Volume 2, Issue 2 (February 2005)
Novel Approach to Soldier Flame Protection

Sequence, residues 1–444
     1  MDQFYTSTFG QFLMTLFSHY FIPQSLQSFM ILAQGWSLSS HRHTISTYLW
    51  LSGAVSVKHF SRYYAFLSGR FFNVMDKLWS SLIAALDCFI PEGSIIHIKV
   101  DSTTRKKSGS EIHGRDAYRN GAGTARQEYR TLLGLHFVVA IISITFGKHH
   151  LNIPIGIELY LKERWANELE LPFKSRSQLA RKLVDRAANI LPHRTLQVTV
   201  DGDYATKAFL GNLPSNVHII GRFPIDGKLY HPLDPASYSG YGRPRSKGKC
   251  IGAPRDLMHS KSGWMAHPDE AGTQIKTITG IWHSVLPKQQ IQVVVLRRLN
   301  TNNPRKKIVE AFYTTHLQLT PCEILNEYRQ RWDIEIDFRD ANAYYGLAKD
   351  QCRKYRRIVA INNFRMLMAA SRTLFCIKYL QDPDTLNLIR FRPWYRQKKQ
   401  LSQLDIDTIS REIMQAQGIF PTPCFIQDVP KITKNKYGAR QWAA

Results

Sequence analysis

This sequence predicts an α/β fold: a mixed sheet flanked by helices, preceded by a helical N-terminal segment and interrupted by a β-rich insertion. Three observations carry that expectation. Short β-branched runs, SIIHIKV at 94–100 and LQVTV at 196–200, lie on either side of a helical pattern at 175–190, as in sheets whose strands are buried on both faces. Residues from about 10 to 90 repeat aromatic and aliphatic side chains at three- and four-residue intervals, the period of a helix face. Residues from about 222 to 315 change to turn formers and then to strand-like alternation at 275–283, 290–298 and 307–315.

The U.S. Army desires low cost combat uniform fabrics that provide flame protection, visual and near infrared camouflage, comfort, and durability. Prior to material development, the flame threat and hazard was investigated and characterized. Flammability related test methods were reviewed and pass/fail criteria for instrumented manikin testing was established based on military medical doctrine. Various fibers, fiber blends, and functional finishes were investigated and novel blend materials were developed. Textile manufacturing methods not traditionally used in military protective clothing such as core-spun yarn spinning and direct fiber-to-fabric non-woven technologies were also investigated. When compared to the standard issue combat uniform, the best performing protective clothing configuration demonstrated a reduction in total body burn from 88% to 8%. Safe exposure limits of up to 5 s were established.